As the music dies away the curtain rises slowly.
LEOPOLD is alone on the stage. He is sitting on the sofa and staring at the front door. After a long pause he gets up and looks through the peep-hole. Then he puts his ear to the door and listens intently. After another long pause the curtain drops suddenly and at the same time the music returns.
SCENE TWO
As the music dies away the curtain rises slowly.
LEOPOLD is alone on the stage. He is sitting on the sofa and staring at the front door. After a long pause he gets up and looks through the peep-hole. Then he puts his ear to the door and listens intently. After another long pause the curtain drops suddenly and at the same time the music returns.
SCENE THREE
As the music dies away the curtain rises slowly.
LEOPOLD is alone on the stage. He is sitting on the sofa and staring at the front door. After a long pause he gets up and looks through the peep-hole. Then he puts his ear to the door and listens intently. He evidently hears something which makes him jump back…
This seemed an extraordinarily effective and uniquely powerful opening, given suitable music. The contrast between the ‘impressive music’ (as I ‘heard’ it – not the music used during the broadcast), and the silence with the nervous reactions of the isolated figure, in addition to the dramatic action of the curtain, formally isolating the figure seemed an excellent way of opening a piece and giving a powerful image and reference point. Finally, it also shared with a number of my pieces the same form of three similar gestures alternating with a contrasting idea.

Through the Sharp Hawthorn (Blows the Cold Wind)

for flute and piano
1987

more: http://rhoadley.net/comp/through.php

Through the Sharp Hawthorn (Blows the Cold Wind)

Composed: Durham, November-December 1987
Revised: Charterhouse, October 1989
Performed:
i) Durham Music Society Concert:
flute: Caroline Stockman
piano: Clive Broadbent

ii) (Revised version)
SPNM Concert, Lauderdale House, Highgate, London
flute: Marian Erhardt
piano: Michael Dussek

Through the Sharp Hawthorn was written following a suggestion by Dr John Casken for a piece for the excellent flautist Caroline Stockman, then present in Durham.

The full title is a line from King Lear – Lear’s wits have just ‘been turned’ and he is talking on the heath to ‘Poor Tom’ , the ‘mad’ version of Edgar, who has been forced to flee from his father who believes him guilty of treachery. Rather than leaving the country, and therefore his misguided father to the actual treachery of his ‘bastard’ half-brother, Edmund, he chooses to dress in rags and act as a madman.

This title was considered appropriate for a number of reasons: the storm scene of the play during which the line occurs is one of the bleakest in all Shakespeare, and I consider this piece to be one of the most bleak in mood I have written; the scene represents a ‘turning point’ in the drama: this piece represents a turning point in my composing, (or at least it felt so at the time); the imagery was appropriate: the cold wind representing the flute, the sharp hawthorn, the piano; finally, the inverted nature of the line, (a more common, more modern version might be ‘the cold wind blows through the sharp hawthorn’), represents at least one of the compositional features of the work.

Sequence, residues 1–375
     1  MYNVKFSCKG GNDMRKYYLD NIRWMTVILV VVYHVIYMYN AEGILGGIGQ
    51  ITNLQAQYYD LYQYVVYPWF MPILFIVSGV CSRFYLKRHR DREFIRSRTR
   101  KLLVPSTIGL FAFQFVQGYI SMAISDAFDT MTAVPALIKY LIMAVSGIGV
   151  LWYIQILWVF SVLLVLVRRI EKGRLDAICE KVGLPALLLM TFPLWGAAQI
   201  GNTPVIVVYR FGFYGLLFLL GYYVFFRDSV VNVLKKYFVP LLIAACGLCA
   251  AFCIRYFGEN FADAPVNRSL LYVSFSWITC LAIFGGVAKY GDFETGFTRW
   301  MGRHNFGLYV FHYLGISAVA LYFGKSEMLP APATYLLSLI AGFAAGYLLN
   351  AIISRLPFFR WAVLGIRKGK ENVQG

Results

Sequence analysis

Semaphore

Semaphore, October 2014, performance 1, v2 from Richard Hoadley on Vimeo.

Comments from audience members:

    “I really enjoyed the performance… it was interesting to watch the dancers ‘create’ the music.”

    “I came because of a fondness for dance but … there is so much to take in here that it was useful to have to have two performances of the piece… Another couple of renditions would have permitted me to take in fully the choreography, the score, the text and the interaction of all the elements.”

    “It was beautiful”

    “Really engaging and interesting… Performance was captivating”

    “it was great, and I wish more events had a discussion and then second performance format, that worked well”

    “Brilliant!”

An interesting edit of the day’s rehearsals and performances shot and edited by Krisztian Hofstadter.

Semaphore at the Festival of Ideas website

‘Semaphore’ works between dance, music and text. It is a collaboration between the choreographer Jane Turner, the poet and writer Philip Terry and the musician, composer and technologist Richard Hoadley.

The primary focus is on live processes, data from the dancers’ movements are used to trigger and modulate text, audio and music notation. This is in turn performed and in some cases fed back to the dancers whose movements are then influenced by the music and text, and so on. Ideally, there is a balance between gesture, whether based on movement, music or text and the resulting translation that is not too trivial but is also not so remote that the origin and its result do not feel connected at all.